The Problem of Monarchy

  • Harav Yehuda Amital
The Israel Koschitzky Virtual Beit Midrash

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The Problem of Monarchy

Summarized by Matan Glidai

Translated by Kaeren Fish


His brothers said to him: "Shall you then rule over us? Shall you then be our ruler?" And they hated him even more, because of his dreams and because of his words. (37:8)


Seemingly, the anger that the brothers feel towards Yosef is disproportionate, perhaps altogether unjustified. Yaakov, their father, had worked for seven years for Rachel; he loved her more than he loved Leah and regarded her as his primary wife.  It is therefore only natural that he demonstrated preferential treatment towards her firstborn son, Yosef, regarding him as his successor.


Moreover, if anyone among the brothers should have taken offense, it should have been Reuven, whose firstborn status had been snatched from him, as it were.  But it is specifically he who tries to prevent the sale of Yosef, while the other brothers are enthusiastically planning it.  What was it about Yosef's behavior that aroused such anger among his brothers?


Further on in the parasha, we read the story of Yehuda and Tamar.  The Midrash describes what each character was involved in while this episode was taking place:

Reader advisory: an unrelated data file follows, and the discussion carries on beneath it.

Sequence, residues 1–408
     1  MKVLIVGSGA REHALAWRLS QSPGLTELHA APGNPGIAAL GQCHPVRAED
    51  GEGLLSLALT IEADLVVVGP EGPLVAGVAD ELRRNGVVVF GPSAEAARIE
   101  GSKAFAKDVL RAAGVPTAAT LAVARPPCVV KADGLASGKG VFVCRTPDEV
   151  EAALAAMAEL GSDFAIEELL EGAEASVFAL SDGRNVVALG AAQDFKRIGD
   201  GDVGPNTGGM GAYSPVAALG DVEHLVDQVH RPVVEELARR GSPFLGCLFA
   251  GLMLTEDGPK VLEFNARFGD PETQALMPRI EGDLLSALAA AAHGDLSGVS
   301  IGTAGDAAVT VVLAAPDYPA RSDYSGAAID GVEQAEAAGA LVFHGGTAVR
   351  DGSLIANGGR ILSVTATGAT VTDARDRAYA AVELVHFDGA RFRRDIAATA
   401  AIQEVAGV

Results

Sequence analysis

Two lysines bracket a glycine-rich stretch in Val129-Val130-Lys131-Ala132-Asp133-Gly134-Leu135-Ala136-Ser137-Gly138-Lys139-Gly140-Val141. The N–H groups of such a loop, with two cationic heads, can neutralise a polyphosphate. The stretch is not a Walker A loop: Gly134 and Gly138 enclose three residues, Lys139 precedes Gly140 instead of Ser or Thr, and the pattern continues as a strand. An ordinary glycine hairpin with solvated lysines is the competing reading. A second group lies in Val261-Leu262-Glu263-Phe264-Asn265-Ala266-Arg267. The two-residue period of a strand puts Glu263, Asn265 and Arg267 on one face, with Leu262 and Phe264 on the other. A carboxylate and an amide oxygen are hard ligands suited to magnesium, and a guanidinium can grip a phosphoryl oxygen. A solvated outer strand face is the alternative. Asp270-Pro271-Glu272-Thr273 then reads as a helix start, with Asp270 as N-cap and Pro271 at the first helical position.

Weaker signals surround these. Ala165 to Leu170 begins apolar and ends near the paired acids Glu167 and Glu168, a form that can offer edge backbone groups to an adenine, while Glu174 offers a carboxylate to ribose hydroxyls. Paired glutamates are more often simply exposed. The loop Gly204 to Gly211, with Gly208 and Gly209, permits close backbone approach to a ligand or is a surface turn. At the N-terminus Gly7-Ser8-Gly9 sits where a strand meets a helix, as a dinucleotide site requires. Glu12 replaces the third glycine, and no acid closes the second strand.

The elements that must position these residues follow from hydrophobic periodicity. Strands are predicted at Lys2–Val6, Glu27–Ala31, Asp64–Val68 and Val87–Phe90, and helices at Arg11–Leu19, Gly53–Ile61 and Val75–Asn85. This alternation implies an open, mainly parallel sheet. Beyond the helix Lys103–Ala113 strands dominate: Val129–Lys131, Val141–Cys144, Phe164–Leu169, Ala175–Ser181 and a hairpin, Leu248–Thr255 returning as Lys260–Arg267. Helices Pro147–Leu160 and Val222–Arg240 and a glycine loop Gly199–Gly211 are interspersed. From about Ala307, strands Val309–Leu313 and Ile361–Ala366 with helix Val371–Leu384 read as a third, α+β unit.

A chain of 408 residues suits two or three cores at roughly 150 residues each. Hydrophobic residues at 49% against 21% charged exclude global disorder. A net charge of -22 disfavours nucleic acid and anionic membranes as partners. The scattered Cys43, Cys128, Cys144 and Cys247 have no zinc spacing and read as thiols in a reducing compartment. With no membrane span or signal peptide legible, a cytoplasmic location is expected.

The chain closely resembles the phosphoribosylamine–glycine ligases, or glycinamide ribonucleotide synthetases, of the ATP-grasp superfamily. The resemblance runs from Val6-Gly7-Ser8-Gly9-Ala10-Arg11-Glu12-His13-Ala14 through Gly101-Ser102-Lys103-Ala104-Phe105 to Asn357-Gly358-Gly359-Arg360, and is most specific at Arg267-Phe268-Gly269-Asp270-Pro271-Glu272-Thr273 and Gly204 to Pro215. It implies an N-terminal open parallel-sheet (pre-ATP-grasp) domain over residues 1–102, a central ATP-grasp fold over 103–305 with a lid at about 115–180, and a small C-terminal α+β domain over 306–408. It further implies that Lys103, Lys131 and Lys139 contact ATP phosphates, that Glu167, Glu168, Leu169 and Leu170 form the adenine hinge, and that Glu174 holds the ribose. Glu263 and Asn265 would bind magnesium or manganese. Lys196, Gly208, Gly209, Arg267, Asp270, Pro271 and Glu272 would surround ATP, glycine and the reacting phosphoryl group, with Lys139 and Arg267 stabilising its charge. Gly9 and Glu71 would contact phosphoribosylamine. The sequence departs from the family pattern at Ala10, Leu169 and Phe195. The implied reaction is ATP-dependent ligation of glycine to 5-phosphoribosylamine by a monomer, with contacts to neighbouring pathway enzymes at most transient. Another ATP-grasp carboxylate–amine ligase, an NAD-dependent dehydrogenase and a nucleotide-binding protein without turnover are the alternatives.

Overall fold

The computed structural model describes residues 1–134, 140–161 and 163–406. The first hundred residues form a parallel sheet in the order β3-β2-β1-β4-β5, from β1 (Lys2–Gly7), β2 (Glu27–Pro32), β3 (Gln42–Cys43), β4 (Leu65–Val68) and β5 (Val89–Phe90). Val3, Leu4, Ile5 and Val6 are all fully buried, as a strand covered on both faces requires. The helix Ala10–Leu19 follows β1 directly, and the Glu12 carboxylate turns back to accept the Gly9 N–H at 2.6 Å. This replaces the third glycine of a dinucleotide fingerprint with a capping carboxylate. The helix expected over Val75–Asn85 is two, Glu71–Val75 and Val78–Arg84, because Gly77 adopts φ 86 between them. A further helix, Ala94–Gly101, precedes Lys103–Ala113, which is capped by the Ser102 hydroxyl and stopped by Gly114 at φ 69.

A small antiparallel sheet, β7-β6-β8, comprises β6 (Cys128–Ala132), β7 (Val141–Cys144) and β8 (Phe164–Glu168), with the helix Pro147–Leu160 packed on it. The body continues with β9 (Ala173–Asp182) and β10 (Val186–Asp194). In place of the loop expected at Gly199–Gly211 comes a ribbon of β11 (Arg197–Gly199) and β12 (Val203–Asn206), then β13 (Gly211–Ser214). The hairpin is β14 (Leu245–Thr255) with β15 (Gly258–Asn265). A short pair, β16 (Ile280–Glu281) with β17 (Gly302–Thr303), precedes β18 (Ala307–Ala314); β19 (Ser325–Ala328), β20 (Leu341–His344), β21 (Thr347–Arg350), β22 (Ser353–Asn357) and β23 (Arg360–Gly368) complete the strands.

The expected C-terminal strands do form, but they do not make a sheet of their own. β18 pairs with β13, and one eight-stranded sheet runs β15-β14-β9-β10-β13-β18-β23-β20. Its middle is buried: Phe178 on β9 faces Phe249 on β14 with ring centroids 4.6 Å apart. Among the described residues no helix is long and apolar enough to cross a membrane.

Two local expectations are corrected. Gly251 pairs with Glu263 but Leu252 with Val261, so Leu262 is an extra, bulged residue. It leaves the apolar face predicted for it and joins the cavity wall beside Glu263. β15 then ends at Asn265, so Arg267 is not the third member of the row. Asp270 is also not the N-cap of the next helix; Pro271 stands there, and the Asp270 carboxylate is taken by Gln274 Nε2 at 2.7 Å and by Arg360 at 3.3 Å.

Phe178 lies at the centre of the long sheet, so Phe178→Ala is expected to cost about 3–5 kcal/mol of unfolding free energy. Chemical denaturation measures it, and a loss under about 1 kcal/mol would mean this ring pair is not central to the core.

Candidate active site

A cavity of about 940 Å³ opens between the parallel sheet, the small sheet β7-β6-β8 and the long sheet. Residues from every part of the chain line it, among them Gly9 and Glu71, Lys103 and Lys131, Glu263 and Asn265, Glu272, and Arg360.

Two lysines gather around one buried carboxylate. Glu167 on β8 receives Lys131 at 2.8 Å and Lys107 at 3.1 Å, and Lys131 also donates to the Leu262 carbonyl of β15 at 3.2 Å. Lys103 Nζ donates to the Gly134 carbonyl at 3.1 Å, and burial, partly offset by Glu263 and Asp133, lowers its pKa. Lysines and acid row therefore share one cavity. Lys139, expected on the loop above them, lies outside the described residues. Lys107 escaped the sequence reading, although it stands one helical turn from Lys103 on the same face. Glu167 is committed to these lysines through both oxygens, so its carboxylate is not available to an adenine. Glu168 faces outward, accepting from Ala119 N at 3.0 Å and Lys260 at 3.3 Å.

The brothers were busy with the sale of Yosef; Yosef was busy with his sackcloth and fasting; Reuven was busy with sackcloth and fasting; Yaakov was busy with sackcloth and fasting; Yehuda was busy taking himself a wife – and the Holy One, blessed be He, was busy creating the light of the King Mashiach. (Bereishit Rabba 85, 1)


How was the "King Messiah" created? Not through the normative family framework, but rather through a relationship seemingly based upon prostitution, taking place between a man and his daughter-in-law.  Later on it was necessary for Ruth the Moabite to come and marry one of the descendants of this family, in order that ultimately King David could be born, so that Mashiach can eventually come into existence.  The relationship between Ruth and Boaz, likewise, did not start off as what we could describe as normal relations between husband and wife.  An anonymous midrash (quoted in Yalkut Ha-Makhiri on Tehillim 118:22) teaches that the birth of David himself was likewise the result of an unusual set of circumstances: Yishai meant to engage in sexual relations with his handmaid, but mistakenly lay with his wife. 


Why is King David – and, ultimately, the Mashiach - descended from such a problematic background?


The midrash goes on to assert that King David was supposed to live for only a very short time:


"This is the book of the generations of Adam" (Bereishit 5:1) – God showed him [Adam] all of the generations.  He showed him David; the life allotted to him was three hours.  He said before Him: "Master of the world, is there no repair for this?"

[God] said: "So it is My intention."

[Adam] said: "How many years will I live?"

God said to him: "A thousand years."

[Adam] asked: "Is there such a thing as a gift in the heavens?"

God answered him: "Yes."

[Adam] said: "Let seventy years of my life go towards him." (Yalkut Shimoni, 41)


King David was allotted only three hours to live; he lived for seventy years thanks only to the "gift" of Adam.  Why was he given such a brief lifespan? What does the midrash mean to tell us?